Von Burgsdorff rejected the accusation that he was an anti-Semite, stressing that he was merely representing the EU’s longstanding positions on the Middle East.
“I am still a diplomat. I am a guest in this country,” he said, noting that he was accredited to the Palestinian Authority and not to Israel.
Speaking to a handful of journalists after the event, he said he followed with great interest inner-Jewish discussions about the future of the Israeli-Palestinian conflict, with various commentators debating the merits of a one-state or a two-state solution.
“But let’s not speculate on that. Why don’t we give the parties the opportunity to come back to the table and discuss this? You’d be surprised to learn how pragmatic Palestinian negotiators can be,” he said.
“The Arab people on the Palestinian side are very realistic. On the other hand, they’re not showing all their cards. The importance is to create trust so that people come back to the negotiating table,” he added.
Exactly how Israelis and Palestinians will ultimately decide to live together was not for Brussels to decide, the German-born diplomat said.
“But we’re interested in peace and security. Israel is one of our closest allies, maybe even the closest, in the Middle East,” he said. “But we want to make sure that this seemingly intractable conflict… comes to a close where both people can live together in peace, prosperity and security. That’s the dream. And I think it’s possible. Otherwise I wouldn’t be here.”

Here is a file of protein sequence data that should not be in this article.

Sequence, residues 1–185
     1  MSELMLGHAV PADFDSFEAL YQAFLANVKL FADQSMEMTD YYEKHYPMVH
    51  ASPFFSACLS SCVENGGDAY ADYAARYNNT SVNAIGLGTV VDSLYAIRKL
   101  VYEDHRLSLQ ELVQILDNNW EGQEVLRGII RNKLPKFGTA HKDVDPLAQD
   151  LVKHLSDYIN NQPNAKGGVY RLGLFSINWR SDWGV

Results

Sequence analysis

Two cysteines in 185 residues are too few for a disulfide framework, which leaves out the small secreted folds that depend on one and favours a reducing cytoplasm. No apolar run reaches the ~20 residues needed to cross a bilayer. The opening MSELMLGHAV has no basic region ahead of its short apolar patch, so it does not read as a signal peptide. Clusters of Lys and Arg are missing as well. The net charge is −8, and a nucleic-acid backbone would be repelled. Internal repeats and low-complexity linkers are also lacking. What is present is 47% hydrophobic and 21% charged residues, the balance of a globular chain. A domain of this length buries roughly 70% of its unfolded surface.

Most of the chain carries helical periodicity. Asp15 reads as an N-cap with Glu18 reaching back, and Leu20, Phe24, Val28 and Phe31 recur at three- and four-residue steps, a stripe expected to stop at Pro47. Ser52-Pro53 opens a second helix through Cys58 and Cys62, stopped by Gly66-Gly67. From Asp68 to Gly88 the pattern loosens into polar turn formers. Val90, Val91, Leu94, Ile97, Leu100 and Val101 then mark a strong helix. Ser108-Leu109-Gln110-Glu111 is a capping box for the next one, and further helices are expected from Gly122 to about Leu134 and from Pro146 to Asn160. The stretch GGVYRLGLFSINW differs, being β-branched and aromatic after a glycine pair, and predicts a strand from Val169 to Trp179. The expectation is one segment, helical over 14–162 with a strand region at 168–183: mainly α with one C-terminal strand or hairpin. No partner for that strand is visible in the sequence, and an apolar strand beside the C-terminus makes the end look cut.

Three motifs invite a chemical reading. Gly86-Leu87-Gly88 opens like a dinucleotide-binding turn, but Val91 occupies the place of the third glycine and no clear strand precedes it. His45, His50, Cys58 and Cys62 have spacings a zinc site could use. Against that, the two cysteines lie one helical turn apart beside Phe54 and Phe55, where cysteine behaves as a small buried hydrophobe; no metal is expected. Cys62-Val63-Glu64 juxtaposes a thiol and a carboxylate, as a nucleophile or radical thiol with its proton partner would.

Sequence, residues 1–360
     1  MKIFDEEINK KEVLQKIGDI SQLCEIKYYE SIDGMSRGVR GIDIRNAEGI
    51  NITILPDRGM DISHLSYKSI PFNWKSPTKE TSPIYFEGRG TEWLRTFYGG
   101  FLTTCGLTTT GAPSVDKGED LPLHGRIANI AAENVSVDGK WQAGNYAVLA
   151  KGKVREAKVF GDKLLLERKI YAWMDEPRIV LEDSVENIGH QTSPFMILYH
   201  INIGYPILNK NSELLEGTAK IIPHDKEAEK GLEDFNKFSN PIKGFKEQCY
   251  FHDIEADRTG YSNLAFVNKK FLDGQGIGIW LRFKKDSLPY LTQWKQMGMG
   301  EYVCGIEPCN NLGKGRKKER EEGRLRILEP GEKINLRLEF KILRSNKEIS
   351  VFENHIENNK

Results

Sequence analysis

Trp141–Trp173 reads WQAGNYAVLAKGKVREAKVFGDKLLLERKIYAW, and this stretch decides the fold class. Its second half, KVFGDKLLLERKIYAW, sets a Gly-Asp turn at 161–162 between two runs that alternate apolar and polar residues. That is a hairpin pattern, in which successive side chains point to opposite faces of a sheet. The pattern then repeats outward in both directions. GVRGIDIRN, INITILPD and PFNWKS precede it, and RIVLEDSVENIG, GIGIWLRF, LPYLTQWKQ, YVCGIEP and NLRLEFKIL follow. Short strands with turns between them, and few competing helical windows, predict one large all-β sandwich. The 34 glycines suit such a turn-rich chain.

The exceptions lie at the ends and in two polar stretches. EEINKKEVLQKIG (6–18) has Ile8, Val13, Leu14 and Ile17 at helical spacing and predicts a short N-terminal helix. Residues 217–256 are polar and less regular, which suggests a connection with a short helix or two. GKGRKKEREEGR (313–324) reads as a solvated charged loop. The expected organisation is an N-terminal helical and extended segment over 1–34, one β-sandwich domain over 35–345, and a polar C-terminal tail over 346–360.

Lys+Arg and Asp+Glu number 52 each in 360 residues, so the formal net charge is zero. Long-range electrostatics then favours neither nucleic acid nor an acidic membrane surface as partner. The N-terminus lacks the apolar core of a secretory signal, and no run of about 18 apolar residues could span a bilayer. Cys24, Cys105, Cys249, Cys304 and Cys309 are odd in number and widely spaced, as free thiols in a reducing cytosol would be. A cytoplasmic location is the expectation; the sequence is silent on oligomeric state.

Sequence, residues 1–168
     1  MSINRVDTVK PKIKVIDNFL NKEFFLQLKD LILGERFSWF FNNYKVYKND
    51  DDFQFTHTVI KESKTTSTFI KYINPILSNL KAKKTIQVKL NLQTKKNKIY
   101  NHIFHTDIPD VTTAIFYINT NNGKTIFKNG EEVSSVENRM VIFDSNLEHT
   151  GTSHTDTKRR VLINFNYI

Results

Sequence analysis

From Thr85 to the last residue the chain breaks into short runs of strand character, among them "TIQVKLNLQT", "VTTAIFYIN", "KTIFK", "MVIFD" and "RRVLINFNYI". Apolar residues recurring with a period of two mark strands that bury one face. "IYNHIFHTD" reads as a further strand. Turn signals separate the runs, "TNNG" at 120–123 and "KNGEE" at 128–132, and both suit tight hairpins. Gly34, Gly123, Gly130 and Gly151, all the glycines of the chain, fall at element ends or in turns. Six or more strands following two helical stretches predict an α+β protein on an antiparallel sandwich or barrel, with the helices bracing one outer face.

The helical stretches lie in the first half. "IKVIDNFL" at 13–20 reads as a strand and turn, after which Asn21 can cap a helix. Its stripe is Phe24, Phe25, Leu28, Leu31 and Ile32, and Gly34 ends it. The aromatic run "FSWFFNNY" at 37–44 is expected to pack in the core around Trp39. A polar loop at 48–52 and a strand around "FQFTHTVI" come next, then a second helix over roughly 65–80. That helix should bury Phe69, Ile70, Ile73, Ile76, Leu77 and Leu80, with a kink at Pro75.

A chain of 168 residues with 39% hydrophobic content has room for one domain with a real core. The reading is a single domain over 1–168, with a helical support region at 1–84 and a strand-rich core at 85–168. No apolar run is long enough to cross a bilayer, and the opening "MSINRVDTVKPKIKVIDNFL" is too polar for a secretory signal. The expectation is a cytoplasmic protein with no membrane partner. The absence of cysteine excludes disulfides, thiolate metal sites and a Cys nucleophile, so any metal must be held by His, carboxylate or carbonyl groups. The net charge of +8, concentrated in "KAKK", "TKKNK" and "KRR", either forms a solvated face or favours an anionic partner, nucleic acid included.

On Sunday, EU foreign policy czar Josep Borrell issued a statement saying he was “deeply worried” about Israel’s decision to open the bidding process for construction at Givat Hamatos.
“This is a key location between Jerusalem and Bethlehem in the occupied West Bank. Any settlement construction will cause serious damage to the prospects for a viable and contiguous Palestinian State and, more broadly, to the possibility of a negotiated two-state solution in line with the internationally agreed parameters and with Jerusalem as the future capital of two states,” he said.
The EU, along with many international observers, refers to Israeli neighborhoods within East Jerusalem as settlements, whereas Israel sees both East and West Jerusalem as its unified capital.
United Nations Special Coordinator for the Middle East Peace Process Nickolay Mladenov also expressed great concern over the Givat Hamatos project.
“If built, it would further consolidate a ring of settlements between Jerusalem and Bethlehem in the occupied West Bank. It would significantly damage prospects for a future contiguous Palestinian State and for achieving a negotiated two-state solution based on the 1967 lines, with Jerusalem as the capital of both states,” he said.
The Palestinians, too, condemned the plan.
The new planned construction is “a continuation of the occupation government’s attempts to kill the internationally supported two-state solution and a disregard of all the resolutions of the international legitimacy that have repeatedly affirmed the illegality of settlements,” said Nabil Abu Rudeineh, a spokesman for PA President Mahmoud Abbas.
“The occupation government’s continued bidding for new settlement housing units will not change the fact that all settlements are doomed to end, and that these settlements are illegal and violate all international decisions and laws,” the Palestinian official added.